Some of us are really good at preparing for the worst-case scenarios. For this population, keeping an up-to-date home inventory is obvious. Of course, you should know what you have in your house in case of a fire or extreme weather conditions.
Those of us who are more inclined to hope for the best need a little help preparing for the worst. A home inventory is a valuable, ongoing practice to ensure you and your family's possessions are well-documented in the event of damage to or loss of your home.
Home inventory helps you buy the right amount of home insurance. Without taking stock of your possessions, it's impossible to know for sure whether everything you have is covered. Taking a home inventory can expose gaps in your current insurance policy and help you right-size your insurance plan accordingly.
A home inventory simplifies paperwork and documentation. An up-to-date home inventory will make that process more manageable if you need to file a claim or provide evidence of loss for tax purposes.
Tips for Making a Home Inventory
A home inventory is an easy task to put off until tomorrow, but there's no predicting when a tragedy might come along. It's best to start the process today. You don't need to finish your inventory in one day, though. Consider setting a goal to take on sections of your home each day for a week until your inventory is complete.
Keep It Simple, but Thorough
A home inventory can be kept in a notebook with basic documentation, or you can keep an electronic home inventory. Apps are also available for your smartphone that allow you to store photos of rooms and possessions and any lists or detailed information about your possessions.
A good home inventory documents what you own, any serial numbers with manufacturer's information, the estimated value of each item, when you purchased them, and any receipts or appraisals of large or valuable items.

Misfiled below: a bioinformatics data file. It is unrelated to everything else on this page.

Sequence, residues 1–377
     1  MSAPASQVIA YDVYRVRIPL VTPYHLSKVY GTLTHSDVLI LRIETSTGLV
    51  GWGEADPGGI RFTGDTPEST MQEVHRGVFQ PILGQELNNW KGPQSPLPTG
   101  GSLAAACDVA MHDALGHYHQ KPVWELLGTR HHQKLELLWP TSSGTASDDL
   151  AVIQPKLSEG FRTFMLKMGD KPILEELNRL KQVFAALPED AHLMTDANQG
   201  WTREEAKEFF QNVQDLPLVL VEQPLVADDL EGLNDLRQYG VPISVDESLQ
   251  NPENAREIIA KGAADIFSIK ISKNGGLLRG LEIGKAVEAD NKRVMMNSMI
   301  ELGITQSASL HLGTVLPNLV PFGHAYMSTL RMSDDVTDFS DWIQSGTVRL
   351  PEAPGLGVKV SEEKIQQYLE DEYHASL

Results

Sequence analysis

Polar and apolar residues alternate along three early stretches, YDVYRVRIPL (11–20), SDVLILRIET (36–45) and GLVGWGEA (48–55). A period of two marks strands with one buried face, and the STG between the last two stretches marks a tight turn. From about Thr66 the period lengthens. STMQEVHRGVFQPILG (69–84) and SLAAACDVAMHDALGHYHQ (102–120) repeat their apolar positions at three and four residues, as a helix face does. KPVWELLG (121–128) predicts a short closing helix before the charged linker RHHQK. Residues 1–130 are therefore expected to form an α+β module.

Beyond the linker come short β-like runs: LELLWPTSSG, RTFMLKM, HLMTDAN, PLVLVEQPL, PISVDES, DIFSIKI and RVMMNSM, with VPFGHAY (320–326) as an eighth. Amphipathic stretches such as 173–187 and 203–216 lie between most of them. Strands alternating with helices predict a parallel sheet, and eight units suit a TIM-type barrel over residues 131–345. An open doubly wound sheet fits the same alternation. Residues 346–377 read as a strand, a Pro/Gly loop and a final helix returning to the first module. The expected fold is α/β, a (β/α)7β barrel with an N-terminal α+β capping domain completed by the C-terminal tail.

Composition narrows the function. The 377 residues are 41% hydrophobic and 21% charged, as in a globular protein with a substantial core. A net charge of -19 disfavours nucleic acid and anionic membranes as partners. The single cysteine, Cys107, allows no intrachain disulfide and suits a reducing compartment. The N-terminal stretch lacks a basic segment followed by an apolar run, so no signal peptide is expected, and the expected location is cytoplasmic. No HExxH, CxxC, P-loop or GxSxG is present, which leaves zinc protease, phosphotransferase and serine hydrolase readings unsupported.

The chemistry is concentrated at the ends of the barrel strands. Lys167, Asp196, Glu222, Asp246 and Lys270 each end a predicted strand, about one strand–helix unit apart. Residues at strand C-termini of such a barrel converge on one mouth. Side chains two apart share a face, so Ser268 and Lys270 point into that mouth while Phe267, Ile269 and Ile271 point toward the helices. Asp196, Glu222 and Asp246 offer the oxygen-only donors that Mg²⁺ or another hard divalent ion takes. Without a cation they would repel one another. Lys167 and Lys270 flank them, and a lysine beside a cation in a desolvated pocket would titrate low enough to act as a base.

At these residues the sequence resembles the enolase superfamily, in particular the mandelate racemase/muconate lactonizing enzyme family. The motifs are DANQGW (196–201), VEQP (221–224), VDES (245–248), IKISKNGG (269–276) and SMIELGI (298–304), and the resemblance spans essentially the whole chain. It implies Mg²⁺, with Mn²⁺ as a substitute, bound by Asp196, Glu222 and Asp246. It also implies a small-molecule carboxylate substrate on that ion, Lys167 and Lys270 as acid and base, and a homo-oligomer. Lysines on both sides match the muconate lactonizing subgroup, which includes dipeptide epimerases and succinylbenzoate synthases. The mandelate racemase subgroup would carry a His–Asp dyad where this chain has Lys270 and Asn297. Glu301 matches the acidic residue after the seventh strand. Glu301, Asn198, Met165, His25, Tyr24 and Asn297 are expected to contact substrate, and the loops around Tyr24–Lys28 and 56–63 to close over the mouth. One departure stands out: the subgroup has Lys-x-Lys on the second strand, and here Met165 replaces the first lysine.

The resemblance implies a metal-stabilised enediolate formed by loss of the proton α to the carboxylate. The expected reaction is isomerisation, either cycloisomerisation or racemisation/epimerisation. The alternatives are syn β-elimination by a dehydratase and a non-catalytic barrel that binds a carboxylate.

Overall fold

So you leave no stone unturned, take each room at a time. You might photograph the room from all angles for evidence of what was in the space. Take note of large or expensive items in the room and photograph antiques and specialty pieces, all the way down to your grandmother's china set.
If documenting lots of small items together, like clothing, a DVD library, or books, you don't have to inventory every single item; it is enough to note how many pieces you have and the estimated value of each item.
Don't overlook less frequented spaces and outdoor areas, like the garage, basement, closets, and sheds.
Update Your Inventory Regularly
We acquire more stuff and get rid of things every single week, so it's important to establish a routine for updating your inventory to keep it accurate. You might set a recurring event on your calendar in the spring and fall to catch any changes, renovations, additions, or large purchases you've made in the previous six months. This ensures that, if tragedy strikes, the items most recently added to your home are documented.
Store Your Home Inventory in a Safe Place
An electronic home inventory via a smartphone app takes care of this step for you. Still, if you prefer written documentation or something not reliant on cloud technology, you'll need to store your inventory off-site somewhere. Ask a friend or relative to keep an external hard drive or hard copy of your inventory in their home or take out a safe deposit box at a local bank.